Eliot Spitzer is spending time at his father’s real estate company, but according to Danny Hakim, he’s there to meet with his lawyers, not run the business.
Both Spitzer and George Pataki may be subpoenaed as part of Andrew Cuomo’s probe of the state police.
David Paterson is keeping some Spitzer aides on, including fund-raiser Cindy Darrison. Dan Janison talks to top Paterson aide Bill Cunningham, who is also an ally of the governor’s father, Basil.
Sheldon Silver thinks Michael Bloomberg’s aides are spinning the story that the mayor wants to seek a third term to keep him from becoming a lame duck for as long as possible.
Consultant George Arzt thinks Bloomberg can explain his earlier opposition to term limits by saying his position has had “a natural progression.”
The New York Sun sees this as a fight between Bloomberg and very wealthy term-limits advocate Ron Lauder. Buried in the last line of this New York Times story about Bloomberg’s alleged ambition to seek a third term is the fact that the change couldn’t be made in time to help the mayor.
Here’s more on the Brooklyn City Council’s delegation emergency meeting yesterday, where they discussed Christine Quinn.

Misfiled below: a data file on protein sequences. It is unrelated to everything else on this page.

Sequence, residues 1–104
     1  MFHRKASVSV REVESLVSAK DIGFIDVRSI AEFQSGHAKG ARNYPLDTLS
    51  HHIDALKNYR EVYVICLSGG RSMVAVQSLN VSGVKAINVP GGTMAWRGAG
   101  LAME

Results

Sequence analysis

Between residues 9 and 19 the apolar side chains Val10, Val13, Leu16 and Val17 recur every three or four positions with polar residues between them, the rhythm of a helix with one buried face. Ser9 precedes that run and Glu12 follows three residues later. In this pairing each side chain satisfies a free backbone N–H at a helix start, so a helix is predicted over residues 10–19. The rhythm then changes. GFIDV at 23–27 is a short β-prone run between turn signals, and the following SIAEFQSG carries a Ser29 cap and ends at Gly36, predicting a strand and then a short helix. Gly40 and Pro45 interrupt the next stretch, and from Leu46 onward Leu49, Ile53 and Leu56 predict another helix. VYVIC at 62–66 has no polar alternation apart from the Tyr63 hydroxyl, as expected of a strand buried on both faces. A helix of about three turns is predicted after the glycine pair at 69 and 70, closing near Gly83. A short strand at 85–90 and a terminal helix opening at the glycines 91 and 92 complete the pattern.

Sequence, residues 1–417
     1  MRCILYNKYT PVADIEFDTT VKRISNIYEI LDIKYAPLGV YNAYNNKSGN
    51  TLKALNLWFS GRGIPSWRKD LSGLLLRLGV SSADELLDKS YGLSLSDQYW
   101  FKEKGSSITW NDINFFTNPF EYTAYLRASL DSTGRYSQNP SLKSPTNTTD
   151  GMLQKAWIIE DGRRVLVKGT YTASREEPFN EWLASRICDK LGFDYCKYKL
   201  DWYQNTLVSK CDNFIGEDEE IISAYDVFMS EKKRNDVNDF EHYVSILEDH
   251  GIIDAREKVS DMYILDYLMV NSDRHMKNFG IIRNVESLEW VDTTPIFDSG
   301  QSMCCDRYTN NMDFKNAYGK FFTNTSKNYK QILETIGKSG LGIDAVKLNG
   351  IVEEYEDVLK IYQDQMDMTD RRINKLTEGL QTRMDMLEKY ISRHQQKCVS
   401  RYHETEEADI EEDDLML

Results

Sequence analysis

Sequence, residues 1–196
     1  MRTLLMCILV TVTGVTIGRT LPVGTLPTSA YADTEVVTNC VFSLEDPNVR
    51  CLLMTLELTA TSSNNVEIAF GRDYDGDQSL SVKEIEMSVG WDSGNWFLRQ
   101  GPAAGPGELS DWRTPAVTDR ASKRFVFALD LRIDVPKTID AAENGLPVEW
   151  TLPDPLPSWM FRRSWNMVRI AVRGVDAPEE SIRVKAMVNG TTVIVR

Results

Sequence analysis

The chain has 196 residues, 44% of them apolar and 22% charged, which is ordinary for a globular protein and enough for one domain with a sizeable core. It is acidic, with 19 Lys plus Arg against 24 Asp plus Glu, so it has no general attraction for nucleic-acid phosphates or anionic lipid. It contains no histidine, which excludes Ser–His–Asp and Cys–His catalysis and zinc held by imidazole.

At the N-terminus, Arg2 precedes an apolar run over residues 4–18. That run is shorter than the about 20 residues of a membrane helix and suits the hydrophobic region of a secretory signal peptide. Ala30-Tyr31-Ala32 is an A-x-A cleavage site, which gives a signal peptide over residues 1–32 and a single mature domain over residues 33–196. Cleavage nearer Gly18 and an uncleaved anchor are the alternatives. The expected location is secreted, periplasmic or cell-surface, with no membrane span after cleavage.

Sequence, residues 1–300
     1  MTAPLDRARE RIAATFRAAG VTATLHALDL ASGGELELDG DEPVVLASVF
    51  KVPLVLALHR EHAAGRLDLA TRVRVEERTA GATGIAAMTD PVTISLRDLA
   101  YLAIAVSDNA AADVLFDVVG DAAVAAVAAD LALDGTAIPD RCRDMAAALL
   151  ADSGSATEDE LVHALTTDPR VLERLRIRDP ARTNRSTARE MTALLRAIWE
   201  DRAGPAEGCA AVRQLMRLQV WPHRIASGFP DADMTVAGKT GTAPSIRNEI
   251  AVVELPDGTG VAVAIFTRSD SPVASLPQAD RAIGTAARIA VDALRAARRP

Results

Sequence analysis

Plans to develop the West Side Rail Yards are in “disarray,” says Charles Bagli.
Anthony Weiner wants the I.R.S. to do your taxes for you.
Scott Stringer will release a report saying new apartments are being built faster than the school system can accommodate them.
The death penalty, which in New York is essentially off the books, still costs taxpayers lots of money.
A judge plans to sue the city after slipping on a wet floor in a court house.
The New York Post editorial board wants Christine Quinn to get rid of all the pork in the city budget.
Bloomberg News has a headline that could be straight out of Bloomberg pollster Doug Schoen’s book.
There’s more on Barack Obama’s alleged Catholic problem.
The Washington Post editorial board is critical of Obama’s shift away from public financing.